plants and animals

Bacterial genes may give a clue on wings evolution

8e6ac47821297aeee8c843e680637dca

Franz
Anthony

Editor and Artist
The evolution of novel traits such as wings, flowers, horns, or limbs, is known to be important to drive biodiversity. However, it is not easy to understand how such changes happen at the genetic level.

An international team of evolutionary biologists led by the University of Oxford has used 380 populations of the bacteria Pseudomonas aeruginosa to show that the duplication of genes may allow organisms to develop new traits. The team observed evolution happening in real-time by allowing the bacteria to develop new metabolic traits such as the ability to degrade different sugar compounds.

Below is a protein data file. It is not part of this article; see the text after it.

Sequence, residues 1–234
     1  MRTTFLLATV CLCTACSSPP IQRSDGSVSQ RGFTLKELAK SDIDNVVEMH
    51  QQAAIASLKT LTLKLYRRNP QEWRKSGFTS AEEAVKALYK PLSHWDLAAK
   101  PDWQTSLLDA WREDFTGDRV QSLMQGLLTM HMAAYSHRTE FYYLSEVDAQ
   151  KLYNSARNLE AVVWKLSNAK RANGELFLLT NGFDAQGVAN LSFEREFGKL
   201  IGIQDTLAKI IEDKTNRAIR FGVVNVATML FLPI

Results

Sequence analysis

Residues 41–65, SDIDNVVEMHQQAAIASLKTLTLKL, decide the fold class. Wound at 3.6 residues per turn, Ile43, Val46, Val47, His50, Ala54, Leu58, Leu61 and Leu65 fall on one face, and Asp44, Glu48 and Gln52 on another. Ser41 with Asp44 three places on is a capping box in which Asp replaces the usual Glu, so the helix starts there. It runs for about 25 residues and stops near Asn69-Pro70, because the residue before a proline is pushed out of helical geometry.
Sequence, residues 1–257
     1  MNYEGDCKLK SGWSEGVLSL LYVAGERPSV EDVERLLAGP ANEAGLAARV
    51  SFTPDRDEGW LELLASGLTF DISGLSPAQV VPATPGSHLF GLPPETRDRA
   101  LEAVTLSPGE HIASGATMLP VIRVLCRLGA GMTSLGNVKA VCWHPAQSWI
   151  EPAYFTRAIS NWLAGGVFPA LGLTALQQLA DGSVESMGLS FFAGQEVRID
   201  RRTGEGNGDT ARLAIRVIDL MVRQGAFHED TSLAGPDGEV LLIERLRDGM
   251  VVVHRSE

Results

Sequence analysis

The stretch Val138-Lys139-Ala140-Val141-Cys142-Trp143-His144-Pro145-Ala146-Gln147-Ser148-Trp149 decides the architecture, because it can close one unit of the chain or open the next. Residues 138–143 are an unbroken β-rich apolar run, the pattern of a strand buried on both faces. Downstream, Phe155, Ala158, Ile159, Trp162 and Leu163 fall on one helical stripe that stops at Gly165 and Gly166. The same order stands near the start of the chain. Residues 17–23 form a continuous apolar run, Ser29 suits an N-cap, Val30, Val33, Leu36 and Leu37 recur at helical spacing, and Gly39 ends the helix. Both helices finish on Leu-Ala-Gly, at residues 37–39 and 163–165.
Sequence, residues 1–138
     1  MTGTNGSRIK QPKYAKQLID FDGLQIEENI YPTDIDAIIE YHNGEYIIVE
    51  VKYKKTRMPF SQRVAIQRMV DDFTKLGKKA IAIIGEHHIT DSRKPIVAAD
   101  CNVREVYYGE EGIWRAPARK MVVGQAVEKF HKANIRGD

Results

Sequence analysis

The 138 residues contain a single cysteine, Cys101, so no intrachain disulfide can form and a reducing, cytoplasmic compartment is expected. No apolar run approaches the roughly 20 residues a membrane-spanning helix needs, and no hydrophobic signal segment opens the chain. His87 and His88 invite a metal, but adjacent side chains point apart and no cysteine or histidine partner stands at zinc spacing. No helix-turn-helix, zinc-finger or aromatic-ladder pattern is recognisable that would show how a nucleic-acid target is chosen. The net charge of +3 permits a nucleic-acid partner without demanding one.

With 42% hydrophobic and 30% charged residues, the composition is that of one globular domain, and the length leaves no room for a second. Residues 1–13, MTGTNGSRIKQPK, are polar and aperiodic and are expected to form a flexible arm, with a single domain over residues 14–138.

After 30 days of the experiment, they discovered that mutations mainly affected genes related to transcription and metabolism, and that novelty tended to evolve through the duplication of genes in the bacteria.


It is said that the duplication of genes allows bacteria to evolve new functions without compromising existing ones. In more complex organisms as plants and animals, such event occurs from spontaneous duplication of existing genes.


These findings provide important empirical evidence to support the theory that has been around since the 1970s, and may allow researchers to predict the mutational ability of harmful bacteria such as virulence and antibiotic resistance.


Original findings published in Phys.org.

8e6ac47821297aeee8c843e680637dca

Franz
Anthony

Editor and Artist


http://sulc.us/2g7gz
http://www.eartharchives.org/articles/bacterial-genes-may-give-a-clue-on-wings-evolution/